Earth's Largest Lakes Warming, Climate Scientists Find

Lake Tanganyika is part of the Great Rift Valley, a 6000 mile crack in the Earth's crust. (Image credit: ESA)

Climate change over the past 25 years is responsible for a temperature increase seen in more than 150 of the world's largest lakes, new satellite data shows.

The results suggest an average warming rate of 0.81 degrees Fahrenheit (0.45 degrees Celsius) per decade, with some lakes warming as much as 1.8 degrees F (1 degree C) per decade. The warming trend was global, and the greatest increases were in the mid- to high-latitudes of the Northern Hemisphere.

Even small changes in water temperature can result in blooms of algae that can make a lake toxic to fish or result in the introduction of non-native species that change the lake's natural ecosystem, the researchers say.

"Our analysis provides a new, independent data source for assessing the impact of climate change over land around the world," said Philipp Schneider, of NASA's Jet Propulsion Laboratory in Pasadena, Calif.

Schneider is lead author of the paper describing the research to be published on Nov. 24 in the journal Geophysical Research Letters.

Schneider and JPL's Simon Hook used thermal infrared imagery from satellites of the National Oceanic and Atmospheric Administration and the European Space Agency. They focused on summer temperatures (July-September in the Northern Hemisphere and January-March in the Southern Hemisphere) due to the difficulty in collecting data in seasons when lakes are ice-covered and/or hidden by clouds. Only nighttime data were used in the study.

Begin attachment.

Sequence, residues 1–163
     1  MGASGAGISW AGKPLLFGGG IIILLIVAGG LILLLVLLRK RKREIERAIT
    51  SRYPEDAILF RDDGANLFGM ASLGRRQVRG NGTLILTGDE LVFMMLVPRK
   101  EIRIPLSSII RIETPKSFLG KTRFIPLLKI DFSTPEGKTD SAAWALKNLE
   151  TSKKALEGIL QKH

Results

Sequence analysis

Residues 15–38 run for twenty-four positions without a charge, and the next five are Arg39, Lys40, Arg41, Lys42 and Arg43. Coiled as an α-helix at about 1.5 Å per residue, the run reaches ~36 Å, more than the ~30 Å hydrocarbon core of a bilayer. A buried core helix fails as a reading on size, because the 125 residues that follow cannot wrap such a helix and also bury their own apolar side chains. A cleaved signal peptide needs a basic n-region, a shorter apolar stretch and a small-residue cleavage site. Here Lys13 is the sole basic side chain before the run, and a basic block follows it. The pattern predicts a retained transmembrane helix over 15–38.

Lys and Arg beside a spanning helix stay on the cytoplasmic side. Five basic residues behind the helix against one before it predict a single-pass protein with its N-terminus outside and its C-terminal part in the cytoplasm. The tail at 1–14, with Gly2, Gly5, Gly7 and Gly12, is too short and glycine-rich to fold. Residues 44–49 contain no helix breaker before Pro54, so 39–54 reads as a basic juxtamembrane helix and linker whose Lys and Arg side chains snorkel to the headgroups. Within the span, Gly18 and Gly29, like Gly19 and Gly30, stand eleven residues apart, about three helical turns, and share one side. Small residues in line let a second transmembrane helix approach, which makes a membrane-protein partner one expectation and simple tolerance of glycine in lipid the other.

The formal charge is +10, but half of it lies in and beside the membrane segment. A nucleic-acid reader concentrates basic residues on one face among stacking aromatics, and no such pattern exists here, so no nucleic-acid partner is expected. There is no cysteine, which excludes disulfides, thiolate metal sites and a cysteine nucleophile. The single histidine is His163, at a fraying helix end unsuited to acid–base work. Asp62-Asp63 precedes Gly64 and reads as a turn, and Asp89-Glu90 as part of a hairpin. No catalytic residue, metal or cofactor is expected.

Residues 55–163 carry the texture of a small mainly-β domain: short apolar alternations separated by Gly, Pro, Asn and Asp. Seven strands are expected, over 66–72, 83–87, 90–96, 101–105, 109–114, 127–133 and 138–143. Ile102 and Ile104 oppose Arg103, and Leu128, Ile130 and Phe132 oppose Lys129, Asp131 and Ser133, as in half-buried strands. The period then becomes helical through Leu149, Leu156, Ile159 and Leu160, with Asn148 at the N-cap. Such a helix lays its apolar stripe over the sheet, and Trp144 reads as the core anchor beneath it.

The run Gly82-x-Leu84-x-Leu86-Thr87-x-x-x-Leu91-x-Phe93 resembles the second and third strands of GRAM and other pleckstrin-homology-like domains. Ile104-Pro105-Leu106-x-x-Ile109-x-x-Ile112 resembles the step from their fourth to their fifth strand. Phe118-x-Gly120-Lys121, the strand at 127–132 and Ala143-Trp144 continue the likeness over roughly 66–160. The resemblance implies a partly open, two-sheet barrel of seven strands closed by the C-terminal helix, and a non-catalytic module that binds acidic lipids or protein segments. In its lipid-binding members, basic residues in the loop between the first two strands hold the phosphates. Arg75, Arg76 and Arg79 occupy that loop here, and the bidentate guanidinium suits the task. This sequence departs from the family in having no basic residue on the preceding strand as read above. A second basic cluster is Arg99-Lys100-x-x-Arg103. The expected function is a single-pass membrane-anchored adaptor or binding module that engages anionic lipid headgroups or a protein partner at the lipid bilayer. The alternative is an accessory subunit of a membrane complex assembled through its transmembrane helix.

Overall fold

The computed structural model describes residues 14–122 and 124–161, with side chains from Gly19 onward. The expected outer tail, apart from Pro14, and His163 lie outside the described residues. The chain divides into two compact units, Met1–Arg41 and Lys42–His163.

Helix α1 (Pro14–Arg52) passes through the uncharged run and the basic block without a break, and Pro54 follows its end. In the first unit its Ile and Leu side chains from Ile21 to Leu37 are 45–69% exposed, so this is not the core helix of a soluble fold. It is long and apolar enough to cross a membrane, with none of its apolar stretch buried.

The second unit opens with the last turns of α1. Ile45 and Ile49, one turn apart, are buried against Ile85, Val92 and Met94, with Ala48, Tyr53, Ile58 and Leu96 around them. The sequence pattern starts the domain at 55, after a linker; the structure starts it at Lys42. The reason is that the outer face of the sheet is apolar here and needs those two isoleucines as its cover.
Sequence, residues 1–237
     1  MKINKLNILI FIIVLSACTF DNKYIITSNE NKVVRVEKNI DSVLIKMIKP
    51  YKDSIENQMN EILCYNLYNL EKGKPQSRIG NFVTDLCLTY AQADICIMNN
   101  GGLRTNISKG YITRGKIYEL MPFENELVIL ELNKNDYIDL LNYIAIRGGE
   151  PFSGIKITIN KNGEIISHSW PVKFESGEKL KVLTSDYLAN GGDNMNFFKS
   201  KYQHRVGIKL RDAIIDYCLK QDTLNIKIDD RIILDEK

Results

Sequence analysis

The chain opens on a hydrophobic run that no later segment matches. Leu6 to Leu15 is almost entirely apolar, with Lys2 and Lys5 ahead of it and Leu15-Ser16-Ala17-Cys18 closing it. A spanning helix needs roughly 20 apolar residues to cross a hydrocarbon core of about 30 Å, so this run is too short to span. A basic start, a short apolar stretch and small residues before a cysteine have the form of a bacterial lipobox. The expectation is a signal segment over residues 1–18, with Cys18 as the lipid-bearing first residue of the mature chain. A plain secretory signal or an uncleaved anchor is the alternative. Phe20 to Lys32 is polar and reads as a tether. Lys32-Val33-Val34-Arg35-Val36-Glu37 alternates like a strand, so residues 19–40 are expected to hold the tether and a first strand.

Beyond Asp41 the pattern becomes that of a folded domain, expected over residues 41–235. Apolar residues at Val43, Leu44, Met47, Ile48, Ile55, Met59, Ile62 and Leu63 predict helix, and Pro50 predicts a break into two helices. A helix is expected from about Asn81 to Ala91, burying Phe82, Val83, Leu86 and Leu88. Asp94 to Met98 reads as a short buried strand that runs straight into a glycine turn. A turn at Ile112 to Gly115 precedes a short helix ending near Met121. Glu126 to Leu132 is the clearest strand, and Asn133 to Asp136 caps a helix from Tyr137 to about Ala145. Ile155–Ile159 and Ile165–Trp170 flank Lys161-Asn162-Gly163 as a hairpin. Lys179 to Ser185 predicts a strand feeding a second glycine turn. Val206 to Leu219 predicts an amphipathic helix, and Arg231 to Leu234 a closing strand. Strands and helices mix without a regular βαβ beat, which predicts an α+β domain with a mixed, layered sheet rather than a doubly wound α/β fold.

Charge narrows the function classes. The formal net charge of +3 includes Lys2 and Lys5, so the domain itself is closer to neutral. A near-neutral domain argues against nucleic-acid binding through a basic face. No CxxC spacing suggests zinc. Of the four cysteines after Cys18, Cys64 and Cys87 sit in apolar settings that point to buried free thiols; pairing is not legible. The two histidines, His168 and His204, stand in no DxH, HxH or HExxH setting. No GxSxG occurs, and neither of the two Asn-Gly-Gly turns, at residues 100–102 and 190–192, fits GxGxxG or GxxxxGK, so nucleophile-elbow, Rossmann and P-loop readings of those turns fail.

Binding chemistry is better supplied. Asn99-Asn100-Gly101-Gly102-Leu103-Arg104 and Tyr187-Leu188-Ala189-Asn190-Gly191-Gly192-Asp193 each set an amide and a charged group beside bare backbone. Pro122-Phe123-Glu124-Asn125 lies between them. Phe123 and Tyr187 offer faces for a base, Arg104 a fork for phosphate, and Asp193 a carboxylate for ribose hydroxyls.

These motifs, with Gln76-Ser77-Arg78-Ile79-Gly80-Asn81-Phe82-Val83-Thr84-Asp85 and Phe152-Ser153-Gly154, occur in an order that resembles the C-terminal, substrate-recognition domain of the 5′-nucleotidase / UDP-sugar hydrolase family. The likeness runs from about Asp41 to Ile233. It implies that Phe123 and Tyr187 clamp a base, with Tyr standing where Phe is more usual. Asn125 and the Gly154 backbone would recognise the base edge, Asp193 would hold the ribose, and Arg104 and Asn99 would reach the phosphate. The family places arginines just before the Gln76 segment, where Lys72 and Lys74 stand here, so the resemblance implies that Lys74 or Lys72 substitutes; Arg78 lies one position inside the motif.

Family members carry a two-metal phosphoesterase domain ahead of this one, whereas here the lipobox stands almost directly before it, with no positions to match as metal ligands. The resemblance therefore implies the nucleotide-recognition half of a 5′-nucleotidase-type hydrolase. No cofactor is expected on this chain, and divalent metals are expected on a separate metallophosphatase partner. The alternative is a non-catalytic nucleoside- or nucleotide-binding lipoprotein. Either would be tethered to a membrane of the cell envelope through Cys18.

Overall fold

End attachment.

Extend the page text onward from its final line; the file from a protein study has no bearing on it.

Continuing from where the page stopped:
They studied lakes that were at least 193 square miles (500 square kilometers) in area from a global database. The selected lakes also had to have large surface areas located away from shorelines, so land influences did not interfere with the measurements. Satellite lake data were collected from the point farthest from any shoreline.

The largest and most consistent area of warming was northern Europe, with a slightly weaker warming trend found in southeastern Europe, around the Black and Caspian Seas and Kazakhstan.

In North America, trends were slightly higher in the southwest United States than in the Great Lakes region. Warming was weaker in the tropics and in the mid-latitudes of the Southern Hemisphere. The researchers say the results were consistent with the expected changes associated with global warming.

The satellite temperature trends largely agreed with measurements taken by nine buoys in the Great Lakes, Earth's largest group of freshwater lakes in terms of total surface area and volume.

The lake temperature trends were also in agreement with independent surface air temperature data from NASA's Goddard Institute for Space Studies in New York.

Live Science Staff
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